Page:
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Hi all, I would like to start by saying i just got my '87 alfa graduate at the beginning of the summer, and I have been working on it here and there since then, using the bb as a reference for what might be wrong. I would like to say thank you for all the help so far.
As I drive my car more I have noticed more and more play in the steering wheel, like the wheel wants to turn 1/10 a turn before it tightens up and then wants to move the wheels. Is this normal? Could it be the fact that the bushings are old? Any help or advice would be much appreciated. Thanks much ~Kyle
 

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Almost certainly tie rod ends.
Are you sure? cuz Ive been living with this on my 87 veloce for a few yrs now, and I hope it is that easy. Mine gets looser (more play) as you turn the wheel farthest away from straight. eg: if driving straight, v little play, but if you were turning wheel all the way to either direction, say if you're trying to park parallel or something, there is an awful lot of play on either left or right. ny ideas?
 

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eg: if driving straight, v little play, but if you were turning wheel all the way to either direction, say if you're trying to park parallel or something, there is an awful lot of play on either left or right. ny ideas?
You might want to check, or have checked the range/angle that the turnstops let the wheels deflect to.

I had a somewhat simular issue with mine that was resolved once I got the turn angle set so it didn't go too far.

To give you an idea, you should be getting around 2 1/4 - 2 1/2 turns, lock to lock. Much more than that and you're getting out to the mechanical edges of what the pivot arm on the steering box can usefully leverage with resulting in more perceived play at the wheel. (it feels looser because the arm is pointed almost in line/parallel with the centerlink rod instead of at an angle to it which produces more leverage)

Or, if you want something a bit more specific:
 

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You might want to check, or have checked the range/angle that the turnstops let the wheels deflect to.

I had a somewhat simular issue with mine that was resolved once I got the turn angle set so it didn't go too far.

To give you an idea, you should be getting around 2 1/4 - 2 1/2 turns, lock to lock. Much more than that and you're getting out to the mechanical edges of what the pivot arm on the steering box can usefully leverage with resulting in more perceived play at the wheel. (it feels looser because the arm is pointed almost in line/parallel with the centerlink rod instead of at an angle to it which produces more leverage)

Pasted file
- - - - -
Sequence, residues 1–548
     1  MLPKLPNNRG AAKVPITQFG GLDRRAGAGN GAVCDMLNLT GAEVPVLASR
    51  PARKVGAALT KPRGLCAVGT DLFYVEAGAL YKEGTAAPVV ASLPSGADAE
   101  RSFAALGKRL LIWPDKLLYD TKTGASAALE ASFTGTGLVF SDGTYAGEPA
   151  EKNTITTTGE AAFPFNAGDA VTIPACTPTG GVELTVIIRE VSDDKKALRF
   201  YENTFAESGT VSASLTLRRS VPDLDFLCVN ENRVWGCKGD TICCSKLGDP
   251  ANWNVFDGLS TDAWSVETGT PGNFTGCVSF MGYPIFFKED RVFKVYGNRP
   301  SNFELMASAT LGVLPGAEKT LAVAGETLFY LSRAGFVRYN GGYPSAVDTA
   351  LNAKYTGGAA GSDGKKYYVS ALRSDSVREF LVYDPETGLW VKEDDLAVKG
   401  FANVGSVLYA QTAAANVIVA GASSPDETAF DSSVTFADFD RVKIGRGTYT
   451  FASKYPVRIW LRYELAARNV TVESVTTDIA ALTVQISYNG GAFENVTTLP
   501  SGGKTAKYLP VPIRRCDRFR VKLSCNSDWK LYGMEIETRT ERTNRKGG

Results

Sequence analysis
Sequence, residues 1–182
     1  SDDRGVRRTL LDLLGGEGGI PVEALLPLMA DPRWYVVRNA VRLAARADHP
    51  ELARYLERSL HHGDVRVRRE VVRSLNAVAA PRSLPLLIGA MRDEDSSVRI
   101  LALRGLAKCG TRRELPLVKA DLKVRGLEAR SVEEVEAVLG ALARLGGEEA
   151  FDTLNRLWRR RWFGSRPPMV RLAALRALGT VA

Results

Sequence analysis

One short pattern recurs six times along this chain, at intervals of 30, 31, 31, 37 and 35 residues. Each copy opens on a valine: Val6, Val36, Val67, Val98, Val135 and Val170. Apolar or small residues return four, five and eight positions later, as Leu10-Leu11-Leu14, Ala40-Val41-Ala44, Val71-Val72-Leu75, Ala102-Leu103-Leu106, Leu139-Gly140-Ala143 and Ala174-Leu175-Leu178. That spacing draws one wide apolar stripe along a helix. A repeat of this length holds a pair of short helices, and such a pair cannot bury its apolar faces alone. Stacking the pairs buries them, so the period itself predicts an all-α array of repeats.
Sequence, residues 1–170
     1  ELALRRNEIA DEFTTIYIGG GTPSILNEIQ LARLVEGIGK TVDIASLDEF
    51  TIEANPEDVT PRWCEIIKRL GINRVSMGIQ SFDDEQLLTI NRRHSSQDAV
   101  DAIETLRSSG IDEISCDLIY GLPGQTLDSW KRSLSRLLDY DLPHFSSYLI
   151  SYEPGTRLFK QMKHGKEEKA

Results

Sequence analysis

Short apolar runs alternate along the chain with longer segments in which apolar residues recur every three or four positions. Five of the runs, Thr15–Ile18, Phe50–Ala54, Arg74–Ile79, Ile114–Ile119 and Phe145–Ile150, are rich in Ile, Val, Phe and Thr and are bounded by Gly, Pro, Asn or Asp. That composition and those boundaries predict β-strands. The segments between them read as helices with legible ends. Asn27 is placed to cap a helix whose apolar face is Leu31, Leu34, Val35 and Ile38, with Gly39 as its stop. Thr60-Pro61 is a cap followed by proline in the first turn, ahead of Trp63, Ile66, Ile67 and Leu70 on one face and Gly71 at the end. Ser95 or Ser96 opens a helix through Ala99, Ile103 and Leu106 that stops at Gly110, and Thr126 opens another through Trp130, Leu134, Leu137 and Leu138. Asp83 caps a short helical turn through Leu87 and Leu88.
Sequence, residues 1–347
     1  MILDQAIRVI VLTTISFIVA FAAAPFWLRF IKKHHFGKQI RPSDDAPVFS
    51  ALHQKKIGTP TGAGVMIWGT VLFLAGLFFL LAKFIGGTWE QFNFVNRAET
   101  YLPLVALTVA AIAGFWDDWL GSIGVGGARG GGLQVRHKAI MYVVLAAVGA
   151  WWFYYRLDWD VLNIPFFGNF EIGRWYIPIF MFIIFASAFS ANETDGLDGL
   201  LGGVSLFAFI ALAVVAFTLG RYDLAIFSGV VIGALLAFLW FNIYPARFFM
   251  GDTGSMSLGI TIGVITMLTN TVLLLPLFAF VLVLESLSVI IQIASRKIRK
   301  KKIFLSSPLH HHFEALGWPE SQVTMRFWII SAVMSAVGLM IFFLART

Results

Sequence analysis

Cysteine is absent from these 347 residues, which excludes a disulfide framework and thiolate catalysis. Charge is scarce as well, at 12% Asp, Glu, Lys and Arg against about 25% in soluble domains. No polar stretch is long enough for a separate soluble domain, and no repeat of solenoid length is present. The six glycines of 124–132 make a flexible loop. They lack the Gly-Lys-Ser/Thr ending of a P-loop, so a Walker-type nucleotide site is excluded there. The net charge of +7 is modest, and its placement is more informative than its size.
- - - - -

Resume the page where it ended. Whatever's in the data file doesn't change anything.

Or, if you want something a bit more specific:
Wow, nice drawings....I will check out this angle thing and get back to you, maybe not today (just got back from a trip). I understand the leverage principle, though.

Now, I can check v easily the turns distance, but how to accomplish the angle thing and then measure accurately is a challenge, even with a protractor with a 10'base, if I could find one...
 

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Protractor only needs to be as big as 1/2 the diameter of the wheel as the axis point is at the wheel hub.

I suppose one could support the front suspension at it's normal ride height with the weight on it and the wheels off, then check the angles right off the hub proper using the face of the hub where the wheel abuts. (looks like that's where the angle is taken anyway)

Conversely, it's viable to check the total angle travelled lock to lock, which should be 56 degrees.

At least that way you'd know if the range was close to right.
 

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A typical, if not desirable, characteristic of the worm and roller ZF steering box.
Ahhhh, that's what I wanted to hear, LOL!! So, its not really broken, just alfaromeoicized......Ya hear that Bianchi (shouting with both hands cupped near mouth like a megaphone), my car isnt broken! Stop trying to make me a "good" offer under false pretense!! (LOL)

Whew, and I was about to have to go over chapters 3-6 in Geometry 101 had I attacked the angle method proposed by Tifosi (HAHAHA)!!

Thanks all.
 

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Regardless, you can't diagnose the problem without getting underneath the car and check the joints. If there is any doubt about the health of the steering system, it needs to be inspected (as it should be routinely, say once a year). Arbitrarily deciding the cause, then ignoring what might be a problem does not make it go away.
 
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